Three Clinton aides say they argued against Rich pardon

Democratic fund-raiser refuses to testify before House government panel

March 02, 2001|By NEW YORK TIMES NEWS SERVICE

WASHINGTON - Three senior advisers to former President Bill Clinton told a House panel yesterday that they had emphatically urged him to reject the pardon application submitted by lawyers for billionaire Marc Rich but had been overruled by Clinton, who decided to grant the pardon on his last night in office.

The aides - John Podesta, Clinton's chief of staff; Beth Nolan, a White House counsel; and Bruce Lindsey, a deputy White House counsel - said Rich did not deserve a pardon. They said they presented their views to Clinton at two meetings, on Jan. 16 and Jan. 19, shortly before Clinton decided to grant pardons to Rich and his commodities trading partner, Pincus Green. "The staff informed the president that it was our view that the pardon should not be granted," Podesta told the House Government Reform Committee, which is investigating whether the president's decision was influenced by contributions to the Clinton presidential library by Denise Rich, the financier's former wife, who has pledged $450,000 to the library.

At the opening of the hearing, Beth Dozoretz, a Democratic fund-raiser who had urged Clinton to grant the Rich pardon, appeared briefly and refused to testify, asserting her constitutional right against self-incrimination.

Clinton has said he made his decision on the merits of Rich's legal case, and none of the aides said yesterday that they knew of any arrangement in which a pardon was granted in exchange for contributions. But Nolan testified that she doubted the merits of the pardon petition. "If Mr. Rich and Mr. Green had such a great legal argument, the place to make their case wasn't there in the Oval Office," she said.

Republicans raised questions yesterday about the presence of Cheryl D. Mills, then a former assistant White House counsel, at the final and apparently decisive Jan. 19 meeting. Mills, a trusted aide to Clinton, sits on the board of the Clinton library foundation.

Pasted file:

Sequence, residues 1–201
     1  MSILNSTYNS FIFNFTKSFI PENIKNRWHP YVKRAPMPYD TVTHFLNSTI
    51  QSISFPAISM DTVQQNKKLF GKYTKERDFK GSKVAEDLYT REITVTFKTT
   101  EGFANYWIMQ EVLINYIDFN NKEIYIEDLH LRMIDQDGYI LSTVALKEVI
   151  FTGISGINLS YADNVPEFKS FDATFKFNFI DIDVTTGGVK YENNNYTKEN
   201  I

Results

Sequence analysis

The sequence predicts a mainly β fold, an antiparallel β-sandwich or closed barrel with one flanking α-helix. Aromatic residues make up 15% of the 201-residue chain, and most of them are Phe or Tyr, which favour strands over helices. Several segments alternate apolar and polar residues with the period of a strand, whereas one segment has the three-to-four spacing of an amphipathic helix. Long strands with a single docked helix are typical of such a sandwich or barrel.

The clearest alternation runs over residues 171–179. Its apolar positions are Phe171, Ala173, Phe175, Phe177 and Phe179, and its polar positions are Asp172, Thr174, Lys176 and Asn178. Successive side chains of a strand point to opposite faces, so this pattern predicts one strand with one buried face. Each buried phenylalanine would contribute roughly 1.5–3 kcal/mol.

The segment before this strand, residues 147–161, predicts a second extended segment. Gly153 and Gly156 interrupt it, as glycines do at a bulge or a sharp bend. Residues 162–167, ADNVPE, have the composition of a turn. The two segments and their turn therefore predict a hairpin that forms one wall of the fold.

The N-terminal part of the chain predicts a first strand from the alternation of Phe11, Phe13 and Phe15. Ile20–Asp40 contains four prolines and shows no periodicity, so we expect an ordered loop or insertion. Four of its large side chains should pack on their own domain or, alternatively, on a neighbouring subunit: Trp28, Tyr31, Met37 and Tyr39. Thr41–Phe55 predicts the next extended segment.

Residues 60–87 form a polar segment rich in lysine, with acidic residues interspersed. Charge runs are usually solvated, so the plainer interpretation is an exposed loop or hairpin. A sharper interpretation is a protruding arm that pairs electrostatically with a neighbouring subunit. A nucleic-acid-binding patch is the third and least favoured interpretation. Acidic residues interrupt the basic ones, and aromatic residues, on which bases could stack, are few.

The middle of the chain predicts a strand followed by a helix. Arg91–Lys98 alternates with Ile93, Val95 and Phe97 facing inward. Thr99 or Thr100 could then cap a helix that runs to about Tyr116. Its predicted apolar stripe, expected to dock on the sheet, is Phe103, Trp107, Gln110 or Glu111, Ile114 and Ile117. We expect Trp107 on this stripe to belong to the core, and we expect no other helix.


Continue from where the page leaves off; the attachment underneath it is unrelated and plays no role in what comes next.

Nolan testified at the hearing that Mills said in the meeting that serious consideration should be given to a contention of Rich's lawyers that he deserved clemency as a victim of selective prosecution. "She pushed hard for everyone to think about the issues," Nolan said. None of the aides recalled any discussion of Clinton's library or contributions at the meeting.

Presidential conversations with advisers are private and usually beyond the reach of congressional investigators. But Clinton notified the panel this week that he would allow his aides to testify fully about the Rich pardon and other grants of clemency without asserting executive privilege.

Nolan told the panel that by the end of last year the White House was overwhelmed with pardon requests. She received 30 to 40 phone calls from lawmakers. Podesta said that among the callers were Republican Sens. Orrin G. Hatch of Utah and Fred Thompson of Tennessee, who sought clemency for James Lake, who was convicted in the independent counsel investigation of former Agriculture Secretary Mike Espy.

"We had requests from members of Congress on both sides of the aisle and both Houses, we had requests from movie stars, newscasters, former presidents, former first ladies," Nolan said.

Chairman Dan Burton, an Indiana Republican, said the rush of pardons at the end of Clinton's term created the image of a double standard for justice.

"The appearances that are being created here are obvious," said Burton, a longtime Clinton critic. "If you have friends in high places, you can get around the law."

The ranking Democrat on the committee, Rep. Henry A. Waxman of California, harshly criticized the pardon process, describing it as a "chaotic mess" that he said "should embarrass every Democrat and every American."

Dozoretz, a former Democratic National Committee finance director, is a friend of Denise Rich's. Each spoke with Clinton, urging him to grant the pardon.

Dozoretz arrived at the hearing flanked by two lawyers. She sat at the witness table, smiling as Republican lawmakers sought to grill her about her role in the pardon.

Rep. Christopher Shays, a Connecticut Republican, wanted to know about Dozoretz' conversations with Clinton. "While you were discussing the Marc Rich pardon with President Clinton, did either you or the president mention Denise Rich's contribution to the Clinton library or the Democratic National Committee?"

Dozoretz replied, "Upon the advice of my counsel, I respectfully decline to answer that question based on the protection afforded me under the United States Constitution."

In their testimony, Clinton's aides recalled a meeting Jan. 16, four days before Clinton left office, in which they first discussed the Rich pardon. Podesta and Nolan said they left the meeting believing that Clinton was convinced that the Rich pardon application should be rejected.

Nolan said, "I didn't think it was going anywhere."

Podesta added: "I thought he had accepted our judgment. I didn't think this was an active matter."

But Lindsey said he left the meeting less sure of what action Clinton intended to take in the Rich case.

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